I have always been pronouncing the word "cello" and "ciao" with a /s/ sound but today I found out that they were actually /tʃ/ ⟨ch⟩.

It is /ˈtʃɛloʊ/ and /ˈtʃaʊ/. The letter C gives /tʃ/ sound rather than /s/ (which is what it should give before E and I). Almost all other words in which C comes before the letter E and I give /s/ sound. Examples: cell, fence, cent, city etc., the only common exception is "Celt" which has a /k/ sound.

I searched my question on Google and it gave me some similar questions in other platforms.

Same question on Quora:

One answer on Quora says:

It comes from Italian, and in Italian spelling, a c in front of an e or i is pronounced /tʃ/" but we have many other words that are from Italian in which the C comes before E and yet it gives /s/ sound like "concert" and some other.

It didn't convince me.

Wikipedia was also of no help.

So why is it pronounced with ⟨ch⟩ /tʃ/ and not /s/ ⟨s⟩?

Note: I know that English spelling is weird and does not represent English pronunciation but things have causes and reasons. I just want to know what "caused" it.


3 Answers 3


Cello comes from Italian where it's pronounced with /t͡ʃ/.

Concert comes from French where it's pronounced with /s/, concerto comes from Italian where it's pronounced with /t͡ʃ/.

According to Standford University Website, the letter c in Italian is pronounced /t͡ʃ/ when it's followed by i or e.

As John Lawler says in a comment (with little changes):

Concert comes from French, and gets pronounced with /s/ like French. Concerto comes from Italian, and gets pronounced with /tʃ/ like Italian. As noted, English spelling doesn't represent English pronunciation. But French and Italian spellings do, and we borrowed the spellings as well as the pronunciations.

It seems to me that Italian words don't change their pronunciations in English. Other example include pizza, palazzo, cello, crescendo, zucchini, Pinocchio etc.

  • (There are a few Italian words often pronounced differently in English, such as bruschetta /bruːʃetə/ and calzone /kalzəʊn/, as well as the notorious /ekspresoʊ/; and some like lasagne have changed both pronunciation and spelling. Although often the Italian pronunciation is also heard from some people; English-speakers seem to do better with Italian than French.)
    – Stuart F
    Jan 25 at 10:28

The full name of the instrument is "violoncello" in both English and Italian. This word is Italian and English has imported it with the Italian pronunciation. In Italian "-cello" is a diminutive suffix, so the name means small violon (not violin). "Cello" is an English (and German) abbreviation, and preserves the pronunciation of the "c".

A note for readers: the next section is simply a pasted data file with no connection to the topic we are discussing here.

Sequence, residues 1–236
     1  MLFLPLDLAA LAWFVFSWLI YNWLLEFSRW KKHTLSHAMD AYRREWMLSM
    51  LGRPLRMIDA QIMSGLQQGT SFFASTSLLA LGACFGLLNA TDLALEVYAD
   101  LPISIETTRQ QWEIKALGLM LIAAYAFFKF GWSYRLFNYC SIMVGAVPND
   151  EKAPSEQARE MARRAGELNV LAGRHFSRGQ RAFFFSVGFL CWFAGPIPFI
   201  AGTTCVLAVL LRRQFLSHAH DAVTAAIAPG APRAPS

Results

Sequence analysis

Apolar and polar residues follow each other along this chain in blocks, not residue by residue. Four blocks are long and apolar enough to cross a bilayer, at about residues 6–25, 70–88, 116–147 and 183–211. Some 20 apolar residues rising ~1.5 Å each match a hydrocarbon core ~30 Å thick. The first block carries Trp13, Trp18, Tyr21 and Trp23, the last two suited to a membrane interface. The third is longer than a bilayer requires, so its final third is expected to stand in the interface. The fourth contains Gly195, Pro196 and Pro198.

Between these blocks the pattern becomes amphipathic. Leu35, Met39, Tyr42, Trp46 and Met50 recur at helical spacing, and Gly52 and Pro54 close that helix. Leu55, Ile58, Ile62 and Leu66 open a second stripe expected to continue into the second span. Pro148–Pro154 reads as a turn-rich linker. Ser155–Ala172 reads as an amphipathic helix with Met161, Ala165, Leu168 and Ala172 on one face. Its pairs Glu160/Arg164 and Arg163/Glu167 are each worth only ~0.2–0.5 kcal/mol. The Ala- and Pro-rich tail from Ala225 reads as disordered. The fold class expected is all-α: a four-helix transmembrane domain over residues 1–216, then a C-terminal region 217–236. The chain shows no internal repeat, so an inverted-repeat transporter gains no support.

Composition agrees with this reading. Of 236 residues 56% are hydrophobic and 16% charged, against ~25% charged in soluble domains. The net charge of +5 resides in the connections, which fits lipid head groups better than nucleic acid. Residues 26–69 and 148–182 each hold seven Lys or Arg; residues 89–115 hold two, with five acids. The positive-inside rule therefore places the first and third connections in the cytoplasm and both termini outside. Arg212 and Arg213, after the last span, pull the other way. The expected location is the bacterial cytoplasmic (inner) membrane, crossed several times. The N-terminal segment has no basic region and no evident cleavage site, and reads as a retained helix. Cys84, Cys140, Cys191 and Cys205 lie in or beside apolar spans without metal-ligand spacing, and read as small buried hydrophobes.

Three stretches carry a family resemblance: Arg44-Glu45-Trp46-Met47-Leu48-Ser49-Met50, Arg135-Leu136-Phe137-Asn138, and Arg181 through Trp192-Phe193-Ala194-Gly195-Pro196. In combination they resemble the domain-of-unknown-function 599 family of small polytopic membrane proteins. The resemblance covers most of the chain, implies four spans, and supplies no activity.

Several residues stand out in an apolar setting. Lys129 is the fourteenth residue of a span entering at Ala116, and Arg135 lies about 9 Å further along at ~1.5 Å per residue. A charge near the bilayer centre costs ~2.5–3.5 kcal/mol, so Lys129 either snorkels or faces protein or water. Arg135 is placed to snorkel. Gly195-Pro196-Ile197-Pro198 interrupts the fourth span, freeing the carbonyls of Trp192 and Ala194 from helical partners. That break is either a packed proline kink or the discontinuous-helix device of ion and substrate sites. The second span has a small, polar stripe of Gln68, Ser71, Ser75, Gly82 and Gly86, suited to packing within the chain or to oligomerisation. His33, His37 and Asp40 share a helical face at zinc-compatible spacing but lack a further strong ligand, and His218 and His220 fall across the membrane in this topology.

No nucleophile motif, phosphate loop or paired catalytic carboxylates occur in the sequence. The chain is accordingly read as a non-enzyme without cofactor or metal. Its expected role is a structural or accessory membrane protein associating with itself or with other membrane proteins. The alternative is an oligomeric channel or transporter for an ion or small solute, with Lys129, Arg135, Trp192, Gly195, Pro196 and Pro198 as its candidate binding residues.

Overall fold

• 2
    It is indeed noteworthy that cello is a clipped version of violoncello, but how is that relevant to the pronounciation of c, which is what the question is about (and which is adequately explained in the already posted answer)?
    – jsw29
    Sep 6, 2020 at 16:28

I teach Latin and have studied how to pronounce Italian. Both Latin and Italian, which comes from Latin, have rules for where the letter c makes the "ch" sound when followed by e or i.

See the following sources:

  1. Italian Pronunciation Challenge: C / CH / CC
  2. Latin language (Lingua Latina).
  3. Latin phonology and othography
  • Of course, Latin pronunciation changed vastly over the millennia... Was "Caesar" actually pronounced "Kaiser" when Julius was living??
    – GEdgar
    Jan 22 at 21:37
  • 1
    @GEdgar German had to get it from somewhere. Jan 23 at 6:51
  • 1
    Church Latin is pronounced like modern standard Italian, but it was not always so. Jan 23 at 6:52
  • 1
    @GEdgar Yes, Caesar in ɢᴀɪᴠꜱ ɪᴠʟɪᴠꜱ ᴄᴀᴇꜱᴀʀ was indeed pronounced with /k/ during his own lifetime. One reason we know this is that when he wrote it in Greek, Caesar spelled his own name Γάιος Ιούλιος Καίσαρ , starting with Greek kappa per Wikipedia: “In Greek, during Caesar’s time, his family name was written Καίσαρ (Kaísar], reflecting its contemporary pronunciation. Thus, his name is pronounced in a similar way to the pronunciation of the German Kaiser ([kaɪ̯zɐ]) or Dutch keizer [kɛizɛ].”
    – tchrist
    Jan 23 at 14:06
  • @GEdgar Although written ‹c› in Classical Latin was always phonemic /k/, some tiny phonetic changes occurred—completely non-phonemically—before front vowels. Quoth Wikipedia: “/kʷ/ and [ɡʷ] were palatalized before a front vowel, becoming [kᶣ] and [ɡᶣ], as in quī [kᶣiː].” Listen to sound clips there contrasting phonetic [kʷ] with phonetic [kᶣ]. Over time Latin ‹c› before front vowels became [t͡s] in trad. German pron of L., [t͡ʃ] in Italianized Church L., [θ] in std. Northern Spanish, and /s/ in French.
    – tchrist
    Jan 23 at 14:25

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